Rice Energy Inc., an independent natural gas and oil company, engages in the acquisition, exploration, and development of natural gas, oil, and natural gas liquid (NGL) properties in the Appalachian Basin. The company operates through two segments, Exploration and Production, and Midstream. As of December 31, 2014, it held approximately 86,000 net acres in the southwestern core of the Marcellus Shale, Pennsylvania; and approximately 55,000 net acres in the southeastern core of the Utica Shale located in Belmont County, Ohio. The company also has operations in the Upper Devonian Shale located on Pennsylvania acreage.
Take a look at the 1-year chart of Rice (NYSE: RICE) below with the added notations:
After trending lower since May, RICE formed what appears to be a double bottom (green) price pattern. The pattern is as simple as it sounds: Bottoming, rallying up to a point, selling back off to a similar bottom, and then rallying back up again. As with any price pattern, a confirmation of the pattern is needed. RICE confirmed the pattern by breaking up through the $11 resistance (red) that was created by the double bottom pattern.
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The Tale of the Tape: After trending lower into December, RICE confirmed a double bottom price pattern. A long trade could be entered on a pullback down to the $11 level with a stop placed under that level.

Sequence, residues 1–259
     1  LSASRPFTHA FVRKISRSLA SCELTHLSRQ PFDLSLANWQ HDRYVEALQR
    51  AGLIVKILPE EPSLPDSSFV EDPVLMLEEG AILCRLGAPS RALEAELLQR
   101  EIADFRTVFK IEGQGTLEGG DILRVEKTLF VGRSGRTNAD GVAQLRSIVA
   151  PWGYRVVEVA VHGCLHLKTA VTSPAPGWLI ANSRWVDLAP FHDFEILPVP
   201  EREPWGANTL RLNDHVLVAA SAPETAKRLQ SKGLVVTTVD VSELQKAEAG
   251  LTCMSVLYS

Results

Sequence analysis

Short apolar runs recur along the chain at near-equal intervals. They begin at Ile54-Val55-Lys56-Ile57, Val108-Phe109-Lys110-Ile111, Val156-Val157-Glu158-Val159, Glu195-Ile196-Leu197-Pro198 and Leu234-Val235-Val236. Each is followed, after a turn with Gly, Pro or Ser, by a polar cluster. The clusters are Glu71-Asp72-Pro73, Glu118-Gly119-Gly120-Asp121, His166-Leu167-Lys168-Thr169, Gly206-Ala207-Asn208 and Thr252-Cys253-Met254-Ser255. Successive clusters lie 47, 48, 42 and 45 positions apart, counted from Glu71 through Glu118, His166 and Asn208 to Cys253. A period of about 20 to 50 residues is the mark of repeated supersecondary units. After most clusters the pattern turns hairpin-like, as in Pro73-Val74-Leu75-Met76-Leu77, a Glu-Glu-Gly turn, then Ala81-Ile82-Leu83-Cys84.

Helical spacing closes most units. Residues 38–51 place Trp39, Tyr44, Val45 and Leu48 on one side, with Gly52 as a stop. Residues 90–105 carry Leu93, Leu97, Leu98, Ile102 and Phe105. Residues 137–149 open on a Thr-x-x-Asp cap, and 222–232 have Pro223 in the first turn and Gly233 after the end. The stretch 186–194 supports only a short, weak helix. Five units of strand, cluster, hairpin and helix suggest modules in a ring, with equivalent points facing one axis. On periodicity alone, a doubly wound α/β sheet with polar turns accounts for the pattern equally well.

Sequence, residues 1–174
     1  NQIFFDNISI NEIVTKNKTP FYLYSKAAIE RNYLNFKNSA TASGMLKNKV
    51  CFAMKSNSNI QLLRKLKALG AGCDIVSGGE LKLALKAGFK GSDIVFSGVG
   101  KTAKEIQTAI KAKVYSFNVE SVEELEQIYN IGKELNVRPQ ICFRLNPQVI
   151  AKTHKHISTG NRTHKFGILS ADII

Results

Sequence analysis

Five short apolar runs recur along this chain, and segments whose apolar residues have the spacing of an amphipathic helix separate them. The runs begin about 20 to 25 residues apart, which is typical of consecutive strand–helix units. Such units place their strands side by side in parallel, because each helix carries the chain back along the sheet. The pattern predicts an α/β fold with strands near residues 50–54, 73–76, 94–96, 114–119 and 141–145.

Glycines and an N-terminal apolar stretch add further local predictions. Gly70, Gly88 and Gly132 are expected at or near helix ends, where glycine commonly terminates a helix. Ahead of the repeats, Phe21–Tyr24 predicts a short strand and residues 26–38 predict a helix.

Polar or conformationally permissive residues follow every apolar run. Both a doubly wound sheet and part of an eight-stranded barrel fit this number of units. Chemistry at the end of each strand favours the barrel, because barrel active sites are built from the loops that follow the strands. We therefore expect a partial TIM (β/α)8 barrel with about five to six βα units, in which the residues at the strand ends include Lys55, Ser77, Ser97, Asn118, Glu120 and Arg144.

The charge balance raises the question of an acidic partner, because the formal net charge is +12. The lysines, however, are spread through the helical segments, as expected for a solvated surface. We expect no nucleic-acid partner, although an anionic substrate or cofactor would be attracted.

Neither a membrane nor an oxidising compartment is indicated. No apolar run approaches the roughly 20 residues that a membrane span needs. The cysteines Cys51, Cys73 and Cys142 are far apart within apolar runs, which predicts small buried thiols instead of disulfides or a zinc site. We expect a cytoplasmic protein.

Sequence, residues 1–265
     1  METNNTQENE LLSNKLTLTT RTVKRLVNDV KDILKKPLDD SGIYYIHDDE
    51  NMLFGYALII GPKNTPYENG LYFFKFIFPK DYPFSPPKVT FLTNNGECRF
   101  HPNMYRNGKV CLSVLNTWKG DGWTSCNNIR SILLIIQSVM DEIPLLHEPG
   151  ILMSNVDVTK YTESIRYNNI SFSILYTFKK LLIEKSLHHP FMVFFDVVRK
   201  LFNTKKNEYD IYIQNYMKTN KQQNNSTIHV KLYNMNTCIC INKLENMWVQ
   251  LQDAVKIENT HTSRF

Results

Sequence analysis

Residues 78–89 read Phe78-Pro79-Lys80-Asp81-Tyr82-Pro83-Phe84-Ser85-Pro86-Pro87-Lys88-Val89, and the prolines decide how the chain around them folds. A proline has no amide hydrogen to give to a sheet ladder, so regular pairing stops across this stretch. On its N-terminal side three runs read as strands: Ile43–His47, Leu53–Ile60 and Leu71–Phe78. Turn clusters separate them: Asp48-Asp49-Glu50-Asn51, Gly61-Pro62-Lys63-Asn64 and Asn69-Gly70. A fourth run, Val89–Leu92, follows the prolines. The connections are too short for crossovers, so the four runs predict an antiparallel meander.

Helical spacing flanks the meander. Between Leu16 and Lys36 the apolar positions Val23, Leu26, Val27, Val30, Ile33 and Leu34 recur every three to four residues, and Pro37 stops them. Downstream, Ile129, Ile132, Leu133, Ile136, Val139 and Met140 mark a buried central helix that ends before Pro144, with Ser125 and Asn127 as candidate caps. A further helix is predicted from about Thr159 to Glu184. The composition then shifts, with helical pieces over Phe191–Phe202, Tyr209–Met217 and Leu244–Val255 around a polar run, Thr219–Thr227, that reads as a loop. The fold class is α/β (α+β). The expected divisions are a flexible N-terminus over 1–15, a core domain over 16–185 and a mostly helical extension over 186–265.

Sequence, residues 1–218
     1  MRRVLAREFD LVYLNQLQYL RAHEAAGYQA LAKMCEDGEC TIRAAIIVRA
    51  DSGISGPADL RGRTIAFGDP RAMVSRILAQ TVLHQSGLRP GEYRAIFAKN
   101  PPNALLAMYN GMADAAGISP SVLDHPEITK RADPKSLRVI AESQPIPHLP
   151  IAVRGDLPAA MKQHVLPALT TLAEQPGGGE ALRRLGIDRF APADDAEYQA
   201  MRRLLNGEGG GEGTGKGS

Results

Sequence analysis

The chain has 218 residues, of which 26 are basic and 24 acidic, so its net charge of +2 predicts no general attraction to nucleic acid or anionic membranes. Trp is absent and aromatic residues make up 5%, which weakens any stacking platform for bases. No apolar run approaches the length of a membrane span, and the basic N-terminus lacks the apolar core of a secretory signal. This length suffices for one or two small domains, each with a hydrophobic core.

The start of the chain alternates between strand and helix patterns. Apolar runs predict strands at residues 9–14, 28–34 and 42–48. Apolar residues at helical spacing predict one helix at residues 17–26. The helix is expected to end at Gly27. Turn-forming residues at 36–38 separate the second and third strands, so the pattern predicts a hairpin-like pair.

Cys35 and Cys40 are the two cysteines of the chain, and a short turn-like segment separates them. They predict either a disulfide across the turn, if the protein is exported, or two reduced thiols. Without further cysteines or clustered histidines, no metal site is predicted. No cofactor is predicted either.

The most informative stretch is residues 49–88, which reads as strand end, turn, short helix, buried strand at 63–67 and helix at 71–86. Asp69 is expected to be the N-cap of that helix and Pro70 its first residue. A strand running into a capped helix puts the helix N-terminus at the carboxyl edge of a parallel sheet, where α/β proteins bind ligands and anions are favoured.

Before making any trading decision, decide which side of the trade you believe gives you the highest probability of success. Do you prefer the short side of the market, long side, or do you want to be in the market at all? If you haven’t thought about it, review the overall indices themselves. For example, take a look at the S&P 500. Is it trending higher or lower? Has it recently broken through a key resistance or support level? Making these decisions ahead of time will help you decide which side of the trade you believe gives you the best opportunities.
No matter what your strategy or when you decide to enter, always remember to use protective stops and you’ll be around for the next trade. Capital preservation is always key!
Christian Tharp, CMT
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